Recently, there are many diagnosis methods for thalassemia screening [7,8], for example, routine blood analysis by mean corpuscular hemoglobin (MCH), mean corpuscular volume (MCV), erythrocyte osmotic fragility test (EOFT), serum iron test (SIT), Hb electrophoresis measurement (HEM), isoelectric focusing (IEF), liquid chromatography (LC), and next-generation sequencing (NGS). Among these methods, MCH and MCV are commonly used for thalassemia screening; however, these two methods are not specific enough. EOFT and SIT are typically used to identify microcytic hypochromic anemia with decreased MCH and MCV. HEM has been used for thalassemia screening, as this method can measure different electrophoretic behaviors of Hb tetramers. However, the principle of HEM is based on the structural integrity of intact Hb tetramers, and thus HEM could be affected by hemolysis and degradation of whole blood samples during storage. The combination of IEF and HPLC techniques could facilitate the identification of most known hemoglobinopathies. However, there is a limitation as it requires time-consuming and professional data interpretation, which is not amenable to thalassemia screening in wide clinical tests [9].
Mass spectrometry (MS) can measure the mass/charge ratio (m/z) and ion intensity of various clinical samples. To date, various MS methods have been developed as reference techniques for clinical analysis [10,11,12]. Moreover, MS-based methods have also been applied for diagnosing hemoglobinopathies [13,14]. Due to the complicated matrixes in human blood samples, extensive sample preparation processes such as extraction and separation, which are labor intensive and time consuming, are usually required before LC-MS screening [7]. Therefore, reducing or removing the sample preparation and LC separation steps before MS analysis is highly demanded in clinical tests.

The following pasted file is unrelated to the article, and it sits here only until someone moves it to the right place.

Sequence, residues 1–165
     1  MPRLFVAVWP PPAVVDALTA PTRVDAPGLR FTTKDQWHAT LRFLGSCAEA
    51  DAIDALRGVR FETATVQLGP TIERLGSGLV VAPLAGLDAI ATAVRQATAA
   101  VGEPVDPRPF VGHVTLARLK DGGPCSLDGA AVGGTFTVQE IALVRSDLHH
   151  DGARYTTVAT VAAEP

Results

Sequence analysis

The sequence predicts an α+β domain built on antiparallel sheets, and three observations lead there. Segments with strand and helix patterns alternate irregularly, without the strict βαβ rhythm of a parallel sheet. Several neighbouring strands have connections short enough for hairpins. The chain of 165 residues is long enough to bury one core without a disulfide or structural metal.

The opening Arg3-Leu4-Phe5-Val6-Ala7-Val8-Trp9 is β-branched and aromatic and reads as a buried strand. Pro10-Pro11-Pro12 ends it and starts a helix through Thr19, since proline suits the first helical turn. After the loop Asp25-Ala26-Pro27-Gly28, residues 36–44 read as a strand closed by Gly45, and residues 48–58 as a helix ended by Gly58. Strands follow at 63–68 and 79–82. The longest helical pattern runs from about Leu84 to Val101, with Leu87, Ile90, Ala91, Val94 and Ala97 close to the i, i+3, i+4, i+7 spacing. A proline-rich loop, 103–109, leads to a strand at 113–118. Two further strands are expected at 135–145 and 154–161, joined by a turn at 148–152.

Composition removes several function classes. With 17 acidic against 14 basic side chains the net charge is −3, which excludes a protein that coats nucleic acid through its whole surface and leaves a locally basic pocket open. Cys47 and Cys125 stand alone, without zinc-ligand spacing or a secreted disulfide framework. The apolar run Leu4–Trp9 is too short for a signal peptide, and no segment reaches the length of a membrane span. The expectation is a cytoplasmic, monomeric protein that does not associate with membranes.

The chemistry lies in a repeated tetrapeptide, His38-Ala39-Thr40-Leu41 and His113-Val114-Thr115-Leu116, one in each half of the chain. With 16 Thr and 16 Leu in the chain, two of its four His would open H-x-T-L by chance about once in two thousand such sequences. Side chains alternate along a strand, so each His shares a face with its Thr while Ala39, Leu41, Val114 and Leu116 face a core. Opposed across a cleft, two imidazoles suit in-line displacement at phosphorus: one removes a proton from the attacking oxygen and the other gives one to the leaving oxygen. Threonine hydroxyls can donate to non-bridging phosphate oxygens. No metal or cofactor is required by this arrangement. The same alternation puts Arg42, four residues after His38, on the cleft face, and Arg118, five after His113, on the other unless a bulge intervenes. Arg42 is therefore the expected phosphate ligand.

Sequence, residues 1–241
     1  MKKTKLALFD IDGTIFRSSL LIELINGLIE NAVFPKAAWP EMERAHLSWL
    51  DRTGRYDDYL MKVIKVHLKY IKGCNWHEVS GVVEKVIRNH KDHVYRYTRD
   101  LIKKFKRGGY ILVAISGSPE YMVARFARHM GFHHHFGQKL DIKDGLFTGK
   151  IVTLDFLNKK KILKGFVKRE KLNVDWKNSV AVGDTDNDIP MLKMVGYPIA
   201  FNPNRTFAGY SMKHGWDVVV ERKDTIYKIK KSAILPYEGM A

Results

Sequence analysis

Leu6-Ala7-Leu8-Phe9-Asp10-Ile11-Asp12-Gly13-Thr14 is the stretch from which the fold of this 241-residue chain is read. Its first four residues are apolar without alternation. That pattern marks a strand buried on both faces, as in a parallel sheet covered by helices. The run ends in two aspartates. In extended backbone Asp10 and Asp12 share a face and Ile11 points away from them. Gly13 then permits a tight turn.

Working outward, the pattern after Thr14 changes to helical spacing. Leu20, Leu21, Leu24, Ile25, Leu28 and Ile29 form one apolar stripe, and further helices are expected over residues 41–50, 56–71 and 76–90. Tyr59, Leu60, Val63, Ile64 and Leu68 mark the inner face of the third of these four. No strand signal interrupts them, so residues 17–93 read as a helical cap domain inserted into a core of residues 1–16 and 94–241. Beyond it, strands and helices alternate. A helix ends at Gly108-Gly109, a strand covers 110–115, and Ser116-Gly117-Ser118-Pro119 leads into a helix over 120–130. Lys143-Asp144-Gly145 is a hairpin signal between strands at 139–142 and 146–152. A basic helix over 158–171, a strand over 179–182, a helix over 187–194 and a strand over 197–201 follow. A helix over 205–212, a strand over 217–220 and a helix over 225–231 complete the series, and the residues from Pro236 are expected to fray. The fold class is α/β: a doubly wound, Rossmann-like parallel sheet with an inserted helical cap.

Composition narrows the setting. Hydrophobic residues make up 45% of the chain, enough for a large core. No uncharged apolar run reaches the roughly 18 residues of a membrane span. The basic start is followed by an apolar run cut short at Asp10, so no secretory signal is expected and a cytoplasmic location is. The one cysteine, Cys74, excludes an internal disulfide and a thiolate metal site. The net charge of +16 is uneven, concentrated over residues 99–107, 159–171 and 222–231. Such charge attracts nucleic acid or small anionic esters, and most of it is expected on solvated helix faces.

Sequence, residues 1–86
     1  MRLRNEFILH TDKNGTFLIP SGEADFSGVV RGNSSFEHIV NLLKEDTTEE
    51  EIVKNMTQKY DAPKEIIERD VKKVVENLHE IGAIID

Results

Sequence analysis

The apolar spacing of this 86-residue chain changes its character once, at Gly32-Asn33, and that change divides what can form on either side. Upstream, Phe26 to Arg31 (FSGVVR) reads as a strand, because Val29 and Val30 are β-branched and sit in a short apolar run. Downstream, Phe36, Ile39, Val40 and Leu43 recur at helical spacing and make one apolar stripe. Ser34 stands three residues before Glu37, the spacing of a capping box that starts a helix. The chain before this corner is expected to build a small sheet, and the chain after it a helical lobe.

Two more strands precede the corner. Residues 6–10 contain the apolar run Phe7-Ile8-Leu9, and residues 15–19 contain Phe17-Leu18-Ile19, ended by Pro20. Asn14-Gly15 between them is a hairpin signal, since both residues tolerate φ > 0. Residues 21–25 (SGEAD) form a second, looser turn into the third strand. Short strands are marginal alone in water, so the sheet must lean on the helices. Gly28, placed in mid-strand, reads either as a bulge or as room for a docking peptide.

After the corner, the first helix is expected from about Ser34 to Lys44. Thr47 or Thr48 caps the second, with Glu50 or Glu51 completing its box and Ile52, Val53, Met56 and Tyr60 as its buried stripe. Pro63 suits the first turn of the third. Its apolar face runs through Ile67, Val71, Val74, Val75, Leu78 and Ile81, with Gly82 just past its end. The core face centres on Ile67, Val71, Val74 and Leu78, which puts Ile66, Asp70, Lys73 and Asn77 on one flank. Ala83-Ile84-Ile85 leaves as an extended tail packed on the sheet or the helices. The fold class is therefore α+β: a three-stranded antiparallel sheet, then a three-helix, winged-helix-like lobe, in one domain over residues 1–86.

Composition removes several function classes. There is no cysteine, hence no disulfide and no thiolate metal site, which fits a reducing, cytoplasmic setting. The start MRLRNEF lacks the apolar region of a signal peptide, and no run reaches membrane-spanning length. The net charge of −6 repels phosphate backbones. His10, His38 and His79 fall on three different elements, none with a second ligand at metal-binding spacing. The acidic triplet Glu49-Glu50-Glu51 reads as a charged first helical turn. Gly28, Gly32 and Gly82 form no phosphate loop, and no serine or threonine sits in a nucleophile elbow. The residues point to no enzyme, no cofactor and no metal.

Ambient MS methods are of great interest for direct analysis of raw samples because analytes can be easily ionized with no or little sample pretreatment process [15,16,17,18]. Ambient MS is pioneered by desorption electrospray ionization (DESI), which allows direct determination of various analytes such as proteins from raw biological samples under ambient conditions [15]. Recently, various ambient MS methods have been developed for various applications [16]. Remarkable analytical properties were found in ambient ESI with different substrates [19]. Paper spray ionization is one of the powerful ambient ESI techniques using porous paper substrate to load and ionize raw samples. It is fact that paper spray is a great technological breakthrough in ambient ionization. Undoubtedly, paper spay can be used for the direct analysis of blood samples. Various excellent articles on blood analysis using paper spray have been published [20,21,22]. Similar to paper spray, electrospray ionization with a wooden tip (WT-ESI) is an ambient ESI method with the advantage that the ionization process occurs under ambient conditions in which the raw samples can be easily accessible during analytical processes [23]. WT-ESI has been successfully developed to analyze proteins, clinical samples, and other complex biological samples as a useful tool for direct analysis with high sensitivity and high specificity [24,25,26,27,28]. In the WT-ESI method, disposable and low-cost wooden tips are quite convenient for direct sampling and analysis without any hardware modifications. The wooden tip can be directly mounted on commercial nanoESI devices by replacing the nanoESI emitter [19,23], which is greatly beneficial for non-expert users, especially in clinical use. In general, raw samples can be directly loaded on the surface of a wooden tip under the strong electric field without the use of any gas. The compounds of interest are extracted from raw samples and then electrospray ions were directly generated from the wooden tip-end for MS analysis. In particular, WT-ESI-MS can also be used for the quantification of target analytes from complex samples with only little sample preparation and no chromatographic separation, and the analytical performances, including the linear range, accuracy, precision, and sensitivity, were well acceptable for the direct analysis of real samples [24,29,30]. It is reported that different protein structures can be recognized by ambient MS [31]. In previous studies [32,33], WT-ESI-MS has been successfully used for protein analysis. Furthermore, the mobility of proteins in wooden tips could be characterized under ESI conditions [34]. Therefore, WE-ESI-MS is expected to characterize the protein structures from raw biological samples.